ALBUQUERQUE (KRQE) – It runs through the heart of Albuquerque, but the bottom of the Embudo Arrroyo feels miles apart from the streets that cross over and run next to it. Jeff Willis is at the wheel of an Albuquerque Metro Area Flood Control Authority SUV driving down the middle of the muddy concrete channel.
Willis drives by the homeless camps set up underneath the bridges and points them out as the SUV rolls past. He stops as he encounters a women walking midway up the side of the channel.
“Please be careful in the channel and stay out of it OK?” Willis said before rolling on.
On Tuesday, Willis, AMAFCA’s real estate manager, gave KRQE News 13 a tour of the underground tunnels the group is particularly concerned about.
One of them, about a quarter mile long, runs underneath Jefferson. Plenty of people have made their mark here with graffiti. But it’s a deceptively dangerous place.
“It can be raining five, six, seven miles from here and maybe even be clear here and you’ll get water flowing through this channel,” Willis said. “A lot of times you can’t hear or see what’s going on up above you as far as rainstorms.”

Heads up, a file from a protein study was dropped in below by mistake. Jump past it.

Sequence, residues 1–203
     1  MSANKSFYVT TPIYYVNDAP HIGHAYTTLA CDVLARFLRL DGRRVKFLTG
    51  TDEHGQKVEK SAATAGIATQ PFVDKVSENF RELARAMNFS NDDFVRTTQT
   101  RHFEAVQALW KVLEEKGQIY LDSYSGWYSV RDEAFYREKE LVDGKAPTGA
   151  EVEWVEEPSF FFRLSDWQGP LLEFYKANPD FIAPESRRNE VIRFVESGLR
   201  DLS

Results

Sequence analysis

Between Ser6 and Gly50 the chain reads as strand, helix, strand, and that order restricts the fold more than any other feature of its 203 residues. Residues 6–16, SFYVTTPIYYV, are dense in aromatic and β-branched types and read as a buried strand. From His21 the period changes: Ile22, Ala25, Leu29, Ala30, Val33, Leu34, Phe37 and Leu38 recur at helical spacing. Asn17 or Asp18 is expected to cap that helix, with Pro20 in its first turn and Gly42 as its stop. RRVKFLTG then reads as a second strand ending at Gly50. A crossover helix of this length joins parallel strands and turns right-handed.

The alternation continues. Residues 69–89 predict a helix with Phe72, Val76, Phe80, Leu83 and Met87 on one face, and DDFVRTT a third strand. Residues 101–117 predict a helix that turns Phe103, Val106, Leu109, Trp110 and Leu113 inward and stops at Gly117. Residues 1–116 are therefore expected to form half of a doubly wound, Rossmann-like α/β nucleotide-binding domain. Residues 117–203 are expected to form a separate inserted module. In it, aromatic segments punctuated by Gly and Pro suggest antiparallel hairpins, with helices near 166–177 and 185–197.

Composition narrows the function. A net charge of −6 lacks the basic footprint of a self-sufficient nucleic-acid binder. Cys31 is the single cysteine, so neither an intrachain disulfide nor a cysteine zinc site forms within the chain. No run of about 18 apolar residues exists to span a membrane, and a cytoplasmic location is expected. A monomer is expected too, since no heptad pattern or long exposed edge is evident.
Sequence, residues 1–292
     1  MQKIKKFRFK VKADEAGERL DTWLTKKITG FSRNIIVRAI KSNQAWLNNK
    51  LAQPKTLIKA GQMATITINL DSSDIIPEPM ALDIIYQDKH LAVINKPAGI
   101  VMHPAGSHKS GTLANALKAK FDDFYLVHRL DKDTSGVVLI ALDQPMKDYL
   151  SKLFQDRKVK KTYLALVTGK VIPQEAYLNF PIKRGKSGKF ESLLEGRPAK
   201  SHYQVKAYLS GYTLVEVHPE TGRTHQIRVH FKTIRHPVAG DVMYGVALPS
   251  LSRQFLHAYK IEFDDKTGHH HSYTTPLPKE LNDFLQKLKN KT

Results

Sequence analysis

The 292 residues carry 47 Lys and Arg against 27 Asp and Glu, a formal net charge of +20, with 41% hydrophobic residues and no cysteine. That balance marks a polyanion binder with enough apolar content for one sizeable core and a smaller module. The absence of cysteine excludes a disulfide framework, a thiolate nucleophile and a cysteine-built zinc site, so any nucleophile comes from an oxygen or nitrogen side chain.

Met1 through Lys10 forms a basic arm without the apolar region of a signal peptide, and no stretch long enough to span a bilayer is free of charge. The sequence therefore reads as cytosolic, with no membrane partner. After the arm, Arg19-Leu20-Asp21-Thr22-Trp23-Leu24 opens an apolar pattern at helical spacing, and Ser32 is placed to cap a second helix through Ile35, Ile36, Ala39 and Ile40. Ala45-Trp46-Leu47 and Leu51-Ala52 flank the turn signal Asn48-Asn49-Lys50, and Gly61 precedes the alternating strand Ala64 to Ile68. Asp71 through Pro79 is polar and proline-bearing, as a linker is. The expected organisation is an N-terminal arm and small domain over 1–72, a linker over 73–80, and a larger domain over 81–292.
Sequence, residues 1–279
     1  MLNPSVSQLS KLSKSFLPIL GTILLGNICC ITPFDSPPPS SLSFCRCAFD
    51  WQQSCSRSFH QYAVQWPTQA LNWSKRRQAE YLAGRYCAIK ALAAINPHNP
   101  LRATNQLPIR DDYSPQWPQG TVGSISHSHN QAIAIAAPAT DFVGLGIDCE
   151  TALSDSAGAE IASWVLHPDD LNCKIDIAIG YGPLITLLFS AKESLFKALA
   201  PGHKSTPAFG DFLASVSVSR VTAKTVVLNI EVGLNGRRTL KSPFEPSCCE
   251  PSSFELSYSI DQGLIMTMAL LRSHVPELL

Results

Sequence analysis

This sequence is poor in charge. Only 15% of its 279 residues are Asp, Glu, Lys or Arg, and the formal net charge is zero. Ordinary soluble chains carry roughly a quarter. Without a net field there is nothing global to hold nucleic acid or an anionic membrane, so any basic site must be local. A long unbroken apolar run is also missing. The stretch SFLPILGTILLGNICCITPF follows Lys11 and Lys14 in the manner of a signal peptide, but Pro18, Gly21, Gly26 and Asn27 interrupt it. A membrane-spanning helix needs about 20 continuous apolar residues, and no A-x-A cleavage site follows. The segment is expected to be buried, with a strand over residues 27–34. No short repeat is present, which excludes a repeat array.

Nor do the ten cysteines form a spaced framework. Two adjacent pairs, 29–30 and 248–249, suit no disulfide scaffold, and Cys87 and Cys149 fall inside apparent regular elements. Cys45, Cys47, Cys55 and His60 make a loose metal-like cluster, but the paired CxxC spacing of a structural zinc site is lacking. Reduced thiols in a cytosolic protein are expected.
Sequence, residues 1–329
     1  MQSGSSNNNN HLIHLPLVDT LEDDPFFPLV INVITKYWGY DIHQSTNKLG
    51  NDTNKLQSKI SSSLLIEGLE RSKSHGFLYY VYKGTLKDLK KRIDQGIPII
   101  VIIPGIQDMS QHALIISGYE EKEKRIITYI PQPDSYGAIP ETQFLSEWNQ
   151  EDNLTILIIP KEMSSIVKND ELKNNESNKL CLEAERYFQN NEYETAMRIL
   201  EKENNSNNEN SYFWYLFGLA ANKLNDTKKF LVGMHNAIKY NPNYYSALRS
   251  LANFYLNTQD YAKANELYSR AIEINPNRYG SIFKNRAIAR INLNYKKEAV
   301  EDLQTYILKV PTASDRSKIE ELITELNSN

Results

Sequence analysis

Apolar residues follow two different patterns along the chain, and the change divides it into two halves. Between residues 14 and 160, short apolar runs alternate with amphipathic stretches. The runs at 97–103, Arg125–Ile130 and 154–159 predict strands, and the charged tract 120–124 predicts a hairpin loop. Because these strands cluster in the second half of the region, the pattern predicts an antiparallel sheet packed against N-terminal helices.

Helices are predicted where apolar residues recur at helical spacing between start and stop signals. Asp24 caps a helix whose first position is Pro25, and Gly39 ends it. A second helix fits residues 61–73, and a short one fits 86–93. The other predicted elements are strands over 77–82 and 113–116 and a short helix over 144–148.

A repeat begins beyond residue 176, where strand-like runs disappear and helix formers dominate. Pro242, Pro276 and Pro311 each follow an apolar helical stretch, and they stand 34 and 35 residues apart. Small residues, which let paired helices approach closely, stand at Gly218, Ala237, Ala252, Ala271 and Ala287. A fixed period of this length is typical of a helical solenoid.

Last month, a man swept up in the arroyo was rescued shortly after he was carried through the pitch black tunnels.
That same day a teen girl was plucked from the raging waters just before a different set of tunnels near Winrock Mall.
“Even though she probably knew better, she was still in and around the channel and got pulled into it,” Willis said.
The Jefferson tunnel is far from the most dangerous. Just a little ways downstream, about halfway up the side of the arroyo is a much more cramped drainage tunnel. The graffiti coating the walls shows it’s no less attractive to teens and troublemakers.
“This is the worst possible place,” Willis said. “You get in there, you can’t run out.”
Willis says AMAFCA crews do what they can to warn people about the dangers of channels and tunnels. When workers find kids playing in the channel, Willis says they’ll hand out pool passes in the hope that they’ll play somewhere else.
“Find another alternative place to play,” Willis said. “Your children deserve that.”